Klink swallowed the lump in his throat and attempted to stare down the younger colonel. His cold eyes stared back at him. This was not the Colonel Robert Hogan that he knew. "Yes, sir," he said and saluted, not wishing to anger the man any further.

He walked slowly out of the office and back to Barracks Two. The men watched him as he avoided all of them and went into the corner room, shutting himself in. Klink lay down on the lower bunk and stared up at the lower side of the upper bunk.

What was going on? He was a prisoner in his own camp and no one, even the guards that weren't sympathetic to the prisoners, bat an eyelash. Hogan's main group was treating him as a fellow prisoner. Was the world going insane? Or was everything that he knew just a dream? No, that couldn't be it. If his life before was a dream, why was it so clear? But…this didn't seem like a dream either.

Klink sighed and rubbed his hands over his face. Nothing made sense anymore. He needed to play along. Maybe that's all Hogan's men wanted him to do, and if he does, he would get some much needed answers.

Someone knocked on his door. "Colonel?" Carter asked. "Lunch is ready."

"Thanks, Carter, I'll be out in a minute," Klink replied, trying to be civil with the enlisted prisoners. He took a deep breath. It was Showtime; all he had to do was act like Hogan. He laid his hand on the doorknob and deflated. That was easier said than done.

He took another breath to steady himself. He was Colonel Wilhelm Klink, head of the escape-proof Stalag 13. He could do this. Klink watched Hogan interact with his men all the time. It couldn't be that hard to channel his carefree attitude. His hand gripped the doorknob tighter. Well, he would try anyway.

He opened the door and the smell of LeBeau's cooking. Did the prisoners eat like this every day? No wonder he never saw this group at the mess hall. He sat down at the table and LeBeau placed a plate of food in front of him along with a cup of coffee. Klink took a bite and almost couldn't hold back the groan of ecstasy from the taste that danced across his taste buds. How LeBeau ever managed to make camp rations taste good, he will never understand.

"This is delicious, LeBeau," Klink said.

"Merci, mon colonel." He glared at Newkirk. "At least someone appreciates my cooking."

"We appreciate your cookin', but you never cook anythin' but bleedin' French food."

"Why you—"

The bottom bunk of the bed in the corner rose up and Sergeant Kinchloe climbed out holding a blue piece of paper. Klink gasped in astonishment and almost choked on the food in his mouth.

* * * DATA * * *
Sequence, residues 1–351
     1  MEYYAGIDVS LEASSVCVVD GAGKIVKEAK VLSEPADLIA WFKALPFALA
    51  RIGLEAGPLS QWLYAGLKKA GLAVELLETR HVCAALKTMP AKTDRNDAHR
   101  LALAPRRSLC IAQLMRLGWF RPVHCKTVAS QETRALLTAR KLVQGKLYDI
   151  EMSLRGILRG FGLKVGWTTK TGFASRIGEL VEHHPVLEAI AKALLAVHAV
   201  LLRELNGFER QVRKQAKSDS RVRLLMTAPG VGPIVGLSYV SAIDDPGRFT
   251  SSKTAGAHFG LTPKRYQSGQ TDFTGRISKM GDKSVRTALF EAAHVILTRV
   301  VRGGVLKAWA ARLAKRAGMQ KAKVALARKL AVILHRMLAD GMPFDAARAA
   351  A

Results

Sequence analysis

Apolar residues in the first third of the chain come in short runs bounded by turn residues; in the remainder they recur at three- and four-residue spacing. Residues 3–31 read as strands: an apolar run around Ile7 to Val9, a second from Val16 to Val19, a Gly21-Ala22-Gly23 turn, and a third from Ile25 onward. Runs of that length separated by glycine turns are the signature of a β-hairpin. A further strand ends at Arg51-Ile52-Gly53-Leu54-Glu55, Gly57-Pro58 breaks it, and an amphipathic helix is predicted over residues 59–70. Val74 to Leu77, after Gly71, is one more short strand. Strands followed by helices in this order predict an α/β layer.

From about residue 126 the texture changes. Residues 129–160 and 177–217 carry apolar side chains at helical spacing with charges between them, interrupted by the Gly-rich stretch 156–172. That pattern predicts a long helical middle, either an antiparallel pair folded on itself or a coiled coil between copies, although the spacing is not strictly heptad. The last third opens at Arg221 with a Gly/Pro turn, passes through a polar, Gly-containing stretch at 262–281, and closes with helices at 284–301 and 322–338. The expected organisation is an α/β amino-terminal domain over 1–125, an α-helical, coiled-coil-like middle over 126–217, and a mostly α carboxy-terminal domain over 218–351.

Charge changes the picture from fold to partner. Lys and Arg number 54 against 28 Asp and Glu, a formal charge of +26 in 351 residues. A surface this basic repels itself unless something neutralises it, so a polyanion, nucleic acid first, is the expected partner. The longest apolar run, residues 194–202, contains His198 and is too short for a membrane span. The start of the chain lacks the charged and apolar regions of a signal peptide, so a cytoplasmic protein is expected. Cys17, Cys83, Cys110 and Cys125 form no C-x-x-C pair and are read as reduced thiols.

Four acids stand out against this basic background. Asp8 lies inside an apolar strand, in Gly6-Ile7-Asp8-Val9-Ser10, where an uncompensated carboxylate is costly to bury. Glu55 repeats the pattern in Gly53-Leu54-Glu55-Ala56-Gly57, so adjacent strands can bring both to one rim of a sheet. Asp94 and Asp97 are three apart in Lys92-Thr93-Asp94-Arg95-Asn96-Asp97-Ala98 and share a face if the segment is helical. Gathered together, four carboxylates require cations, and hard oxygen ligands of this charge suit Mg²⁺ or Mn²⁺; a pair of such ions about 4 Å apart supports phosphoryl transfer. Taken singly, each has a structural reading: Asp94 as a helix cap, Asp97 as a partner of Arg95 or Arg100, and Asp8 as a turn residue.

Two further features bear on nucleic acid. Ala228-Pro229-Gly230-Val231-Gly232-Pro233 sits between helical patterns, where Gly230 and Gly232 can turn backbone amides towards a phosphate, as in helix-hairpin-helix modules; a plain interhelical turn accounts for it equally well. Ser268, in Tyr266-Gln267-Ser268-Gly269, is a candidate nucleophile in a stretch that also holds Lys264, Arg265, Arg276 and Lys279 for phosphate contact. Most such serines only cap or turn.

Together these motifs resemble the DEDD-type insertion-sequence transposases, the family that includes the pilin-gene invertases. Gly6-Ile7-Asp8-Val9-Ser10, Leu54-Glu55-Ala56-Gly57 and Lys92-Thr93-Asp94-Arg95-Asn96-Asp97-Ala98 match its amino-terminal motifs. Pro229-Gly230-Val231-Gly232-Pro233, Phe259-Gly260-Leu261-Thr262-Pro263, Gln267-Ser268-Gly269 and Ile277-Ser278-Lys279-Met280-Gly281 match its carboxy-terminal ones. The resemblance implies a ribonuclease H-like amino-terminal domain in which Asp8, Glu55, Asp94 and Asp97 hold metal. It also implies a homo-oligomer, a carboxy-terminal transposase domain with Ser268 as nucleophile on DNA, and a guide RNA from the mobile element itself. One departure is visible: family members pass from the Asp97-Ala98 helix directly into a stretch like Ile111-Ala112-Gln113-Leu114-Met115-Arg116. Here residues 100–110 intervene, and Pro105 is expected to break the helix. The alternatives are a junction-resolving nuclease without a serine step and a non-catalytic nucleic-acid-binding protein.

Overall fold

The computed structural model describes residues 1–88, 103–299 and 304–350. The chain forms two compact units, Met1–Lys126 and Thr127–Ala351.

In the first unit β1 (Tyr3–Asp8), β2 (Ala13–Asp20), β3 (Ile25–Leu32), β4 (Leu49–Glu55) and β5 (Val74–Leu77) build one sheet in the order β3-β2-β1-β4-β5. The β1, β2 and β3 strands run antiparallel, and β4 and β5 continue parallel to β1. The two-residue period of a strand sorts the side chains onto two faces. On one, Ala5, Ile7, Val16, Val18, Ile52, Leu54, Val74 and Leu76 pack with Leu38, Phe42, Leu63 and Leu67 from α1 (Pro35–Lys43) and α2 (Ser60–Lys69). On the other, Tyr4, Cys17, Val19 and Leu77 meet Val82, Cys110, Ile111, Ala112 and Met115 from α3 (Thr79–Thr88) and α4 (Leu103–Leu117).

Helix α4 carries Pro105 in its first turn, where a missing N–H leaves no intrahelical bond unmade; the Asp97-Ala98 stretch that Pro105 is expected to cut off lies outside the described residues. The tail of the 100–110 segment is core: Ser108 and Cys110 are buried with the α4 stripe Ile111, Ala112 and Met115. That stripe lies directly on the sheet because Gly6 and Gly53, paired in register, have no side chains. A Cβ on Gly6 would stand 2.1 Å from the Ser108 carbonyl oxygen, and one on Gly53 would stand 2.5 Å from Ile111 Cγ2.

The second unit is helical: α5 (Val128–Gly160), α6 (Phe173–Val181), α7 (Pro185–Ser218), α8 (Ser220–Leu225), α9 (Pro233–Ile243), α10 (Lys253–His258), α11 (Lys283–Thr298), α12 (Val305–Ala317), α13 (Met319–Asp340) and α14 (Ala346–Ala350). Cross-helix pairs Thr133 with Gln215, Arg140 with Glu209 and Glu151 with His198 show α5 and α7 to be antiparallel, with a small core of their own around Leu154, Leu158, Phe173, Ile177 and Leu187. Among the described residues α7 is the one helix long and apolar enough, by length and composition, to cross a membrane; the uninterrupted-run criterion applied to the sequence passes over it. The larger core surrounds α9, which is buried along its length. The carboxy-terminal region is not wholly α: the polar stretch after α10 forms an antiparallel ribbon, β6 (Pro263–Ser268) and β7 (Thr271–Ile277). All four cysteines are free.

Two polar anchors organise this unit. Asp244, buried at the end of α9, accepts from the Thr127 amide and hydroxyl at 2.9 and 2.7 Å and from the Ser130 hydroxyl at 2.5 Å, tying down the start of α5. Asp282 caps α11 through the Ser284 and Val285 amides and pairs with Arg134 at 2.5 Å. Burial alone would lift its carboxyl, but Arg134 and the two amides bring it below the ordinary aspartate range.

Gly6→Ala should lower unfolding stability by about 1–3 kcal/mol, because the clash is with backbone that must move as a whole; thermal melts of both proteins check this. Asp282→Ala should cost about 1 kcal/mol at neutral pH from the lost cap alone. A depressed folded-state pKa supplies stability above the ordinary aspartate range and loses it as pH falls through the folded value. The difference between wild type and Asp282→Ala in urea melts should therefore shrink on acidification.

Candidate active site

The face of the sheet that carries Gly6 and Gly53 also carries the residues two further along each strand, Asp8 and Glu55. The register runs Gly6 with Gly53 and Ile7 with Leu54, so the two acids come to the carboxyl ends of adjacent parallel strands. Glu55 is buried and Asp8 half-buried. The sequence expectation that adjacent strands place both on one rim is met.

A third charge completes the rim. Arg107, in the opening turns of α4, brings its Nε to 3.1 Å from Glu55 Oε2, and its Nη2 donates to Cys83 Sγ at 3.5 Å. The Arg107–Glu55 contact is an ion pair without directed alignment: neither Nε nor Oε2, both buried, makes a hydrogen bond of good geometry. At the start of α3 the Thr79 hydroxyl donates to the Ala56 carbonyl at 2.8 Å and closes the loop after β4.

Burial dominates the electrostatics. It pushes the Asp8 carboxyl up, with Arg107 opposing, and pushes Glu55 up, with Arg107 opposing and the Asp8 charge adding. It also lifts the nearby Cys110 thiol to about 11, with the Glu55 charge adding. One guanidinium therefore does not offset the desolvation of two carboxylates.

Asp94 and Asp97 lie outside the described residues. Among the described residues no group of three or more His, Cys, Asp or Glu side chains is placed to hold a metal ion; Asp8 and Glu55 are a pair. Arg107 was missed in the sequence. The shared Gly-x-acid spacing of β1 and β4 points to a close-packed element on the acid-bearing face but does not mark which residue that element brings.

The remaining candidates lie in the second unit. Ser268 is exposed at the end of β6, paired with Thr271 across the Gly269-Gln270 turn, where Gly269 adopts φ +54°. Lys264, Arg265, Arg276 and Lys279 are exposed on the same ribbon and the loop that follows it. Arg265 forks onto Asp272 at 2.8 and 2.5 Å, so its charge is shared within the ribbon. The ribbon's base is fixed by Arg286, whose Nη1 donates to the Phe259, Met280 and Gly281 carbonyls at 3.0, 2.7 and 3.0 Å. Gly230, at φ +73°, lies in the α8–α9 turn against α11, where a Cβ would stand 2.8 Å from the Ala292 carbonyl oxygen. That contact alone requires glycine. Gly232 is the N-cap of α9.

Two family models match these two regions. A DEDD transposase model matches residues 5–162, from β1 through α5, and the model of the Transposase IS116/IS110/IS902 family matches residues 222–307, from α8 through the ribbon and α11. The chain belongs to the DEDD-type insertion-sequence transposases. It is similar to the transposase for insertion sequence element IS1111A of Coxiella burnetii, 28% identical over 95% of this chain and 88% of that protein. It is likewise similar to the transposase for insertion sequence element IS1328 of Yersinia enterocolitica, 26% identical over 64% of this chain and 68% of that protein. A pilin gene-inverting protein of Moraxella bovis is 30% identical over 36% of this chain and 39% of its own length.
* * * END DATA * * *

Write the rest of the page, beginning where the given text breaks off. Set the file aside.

"We have a mission from London," he said. "They want the bridge leading to Düsseldorf blown up tonight." He hit the side of the bunk and the bed lowered back to its original position.

"Tonight?" Newkirk asked. "They're cutting it a wee bit close, don't you think?"

"We've done tighter operations before," LeBeau responded.

"The underground said an ammunition train is scheduled to pass at 2300 hours," Kinch replied.

"I've got some real doosies waiting down in the tunnel that would be perfect for tonight. When they go off they'll be like BOOM, BAH—" Newkirk hit Carter's hat down over his head to silence him.

"You know, Andrew, sometimes I worry about what goes on in that small head of yours."

Carter rested his chin in his hand and thought for a minute. "Well—" Newkirk hit the back of Carter's head.

"That was a rhetorical question, mon ami."


"Are you okay, sir?" Kinchloe asked.

Klink jumped at the sudden voice talking to him. "Oh, um, yes, sergeant, I'm fine. Thank you for your concern."

"You've been awfully quiet, boy, I mean sir."

"I didn't sleep well last night. I'm just tired. I think I'll rest in my quarters until dinner," Klink said, standing up. "Lunch was excellent, Corporal."


Klink retreated into the private room of Barracks Two. He tried to steady his shaking hands. Bunks that move, communications from London, bombs. This was just all too much. What next? The senior POW has regular trips to London for strategy meetings. It was just all too ridiculous, but Klink couldn't ignore the evidence staring him in the face. These men risked their lives against the Germans daily. All he ever did was sit behind a desk and sign papers.

Even if this was just a dream, and Hochstetter's crazy ideas about Papa Bears and sabotage had sunk into his brain, he would make sure these men were okay. They aren't cowards like Klink, and since Hogan seemed to be on the other side and unable to keep them from harm, he would take his place. He swore to himself; he would make sure these men survived the war, even at the cost of his own life.

The next few hours went by fast for Klink. He tried to sleep, thinking that maybe he would wake up back in his own bed, but he couldn't find a comfortable position on the thin mattress. He gave up and picked up a well worn book off the shelf, choosing to pass the time brushing up on his English.

He drifted out of what he came to accept as his quarters for dinner and evening roll call. Hogan made a brief appearance and went back inside as quick as he could.